The Killing of a Chinese Bookie (1976/1978) June 30, 2014Posted by badblokebob in : Drama, Thriller, Crime, 4 stars, 1970s, alternate & director's cuts, Film Noir: Pre/Post/Neo/etc., 2013 , add a comment
I still have almost half-a-dozen reviews left to post from 2013, so here’s one of them — John Cassavetes’ “idiosyncratic thriller”.
Mad Max (1979) May 29, 2014Posted by badblokebob in : Action, Thriller, Sci-fi, Crime, 2014, 4 stars, 1970s , add a comment
You won’t like him when he’s mad. (As the past few years’ news stories have demonstrated.)
Dawn of the Dead (1978) October 29, 2013Posted by badblokebob in : Horror, Action, Drama, 5 stars, 1970s, 2013 , add a comment
If Night of the Living Dead created a genre, Dawn of the Dead inspired everything that followed in it.
And Now for Something Completely Different (1971) May 30, 2013Posted by badblokebob in : Comedy, 3 stars, 1970s, British films, remakes, 2013 , add a comment
Monty Python re-film TV sketches for the big screen.
Bit ironic, considering the title.
#30: Serpico (1973) October 29, 2012Posted by badblokebob in : Drama, Thriller, Crime, adaptations, 3 stars, 1970s, true stories, Biography, 2012 , add a comment
Al Pacino stars as honest cop Frank Serpico in Sidney Lumet’s true-story crime drama…
#38: The Day of the Locust (1975) September 18, 2011Posted by badblokebob in : Drama, adaptations, 4 stars, 1970s, films about films, 2011 , add a comment
Adapted from the novel by Nathanael West, The Day of the Locust is a slightly scrappy film about the seedy underside of Hollywood’s golden age. The plot is neither here nor there in many respects — the film is about the grotesques who are attracted to Hollywood, and that being exactly what it feeds on. The bizarre, surreal ending definitely makes more sense if you’re already thinking about the film in this way.
The magnificent riot at the end is a tour de force of cinema that single-handedly almost justifies that whole theme — it’s what happens when their frustrations at dreams not being realised overflows. It could be argued it makes an easy juxtaposition — of fans baying for stars at a premiere with a revenge-fuelled mob baying for blood — but it’s still a just one. It’s capped off by the way one turns into the other, and how that turns into a kind of apocalypse. I don’t know how it’s meant to be read, but I choose to take it that way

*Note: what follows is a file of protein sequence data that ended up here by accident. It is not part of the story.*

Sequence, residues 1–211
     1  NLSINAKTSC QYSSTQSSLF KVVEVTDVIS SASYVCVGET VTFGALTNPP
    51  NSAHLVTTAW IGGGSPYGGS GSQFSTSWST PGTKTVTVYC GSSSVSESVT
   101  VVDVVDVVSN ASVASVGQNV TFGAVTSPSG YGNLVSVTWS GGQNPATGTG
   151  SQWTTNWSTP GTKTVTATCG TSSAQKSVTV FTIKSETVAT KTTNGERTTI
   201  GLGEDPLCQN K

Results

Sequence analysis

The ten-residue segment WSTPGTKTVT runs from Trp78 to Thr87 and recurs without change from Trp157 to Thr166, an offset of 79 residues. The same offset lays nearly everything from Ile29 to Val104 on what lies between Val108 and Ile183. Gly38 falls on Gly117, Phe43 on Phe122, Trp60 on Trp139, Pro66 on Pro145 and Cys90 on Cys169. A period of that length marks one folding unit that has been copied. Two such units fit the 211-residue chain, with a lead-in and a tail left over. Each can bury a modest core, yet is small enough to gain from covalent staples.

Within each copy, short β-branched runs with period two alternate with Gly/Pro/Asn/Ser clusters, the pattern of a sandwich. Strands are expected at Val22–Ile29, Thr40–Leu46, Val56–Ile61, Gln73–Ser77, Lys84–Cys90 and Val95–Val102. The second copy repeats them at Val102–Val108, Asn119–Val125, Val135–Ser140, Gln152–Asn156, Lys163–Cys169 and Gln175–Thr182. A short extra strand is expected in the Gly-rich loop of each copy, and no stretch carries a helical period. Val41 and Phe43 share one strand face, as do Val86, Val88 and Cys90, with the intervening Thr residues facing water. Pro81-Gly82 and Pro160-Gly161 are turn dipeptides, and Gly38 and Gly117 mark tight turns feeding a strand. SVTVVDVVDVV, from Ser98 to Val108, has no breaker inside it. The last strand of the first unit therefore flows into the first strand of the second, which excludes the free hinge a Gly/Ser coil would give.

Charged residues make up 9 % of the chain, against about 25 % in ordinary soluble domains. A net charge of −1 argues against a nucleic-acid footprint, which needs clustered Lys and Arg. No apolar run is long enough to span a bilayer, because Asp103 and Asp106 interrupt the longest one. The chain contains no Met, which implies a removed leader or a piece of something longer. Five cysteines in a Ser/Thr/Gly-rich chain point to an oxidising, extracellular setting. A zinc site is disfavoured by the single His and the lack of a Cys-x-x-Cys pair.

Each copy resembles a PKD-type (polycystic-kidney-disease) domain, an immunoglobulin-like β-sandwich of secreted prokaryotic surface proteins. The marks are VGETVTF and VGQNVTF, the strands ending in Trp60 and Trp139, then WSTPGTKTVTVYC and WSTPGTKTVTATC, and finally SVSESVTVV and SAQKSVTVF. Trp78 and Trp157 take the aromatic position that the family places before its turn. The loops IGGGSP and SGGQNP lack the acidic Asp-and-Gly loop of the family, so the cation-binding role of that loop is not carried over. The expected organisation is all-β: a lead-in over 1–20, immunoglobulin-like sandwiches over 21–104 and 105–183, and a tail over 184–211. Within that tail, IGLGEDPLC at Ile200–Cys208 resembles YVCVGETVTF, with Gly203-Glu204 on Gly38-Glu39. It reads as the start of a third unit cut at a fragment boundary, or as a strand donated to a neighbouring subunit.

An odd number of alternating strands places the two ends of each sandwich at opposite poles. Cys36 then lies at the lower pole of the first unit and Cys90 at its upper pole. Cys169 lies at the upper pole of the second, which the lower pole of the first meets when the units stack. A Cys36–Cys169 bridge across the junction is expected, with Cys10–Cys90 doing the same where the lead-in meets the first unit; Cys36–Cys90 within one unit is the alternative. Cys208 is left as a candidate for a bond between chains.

(Spoilers in this paragraph.) If the riot is a literal apocalypse, then the next scene becomes an afterlife-set coda. It’s very brightly lit and white, like a Heaven, and Faye is still there — still in Hollywood, exactly where she’d dream of being — while Tod is gone. She’s looking for him, back at the Bernadoo where she was kinda happy, and she wants him after all — but he’s not there; he doesn’t want her. It’s a tenuous reading for a film that seems to be a real-world drama, maybe… but not a wholly unsupported one — it’s a flat-out unusual scene.
Also brilliantly staged is the collapse of a Waterloo battle set. Appropriate as it’s one of the novel’s most memorable moments.
Despite having top billing, Donald Sutherland’s part is a beefed-up supporting role. Except he’s so good in it that he fairly steals the film. And despite fourth billing, William Atherton is ostensibly the main character. I don’t know if the film takes lengthy asides from him because they cast a fourth-billed-level actor, or if they cast a fourth-billed-level actor because the film takes lengthy asides from him, but either way these long-feeling stretches away from the only character we’re really encouraged to identify with dilute the film’s drive. Primarily for this reason, it could do with being shorter. Interestingly, the novel is a mere 163 (in my edition), meaning the film is close to translating it at a rate of a page per minute, which is rather extraordinary — very few adaptations do so little condensing.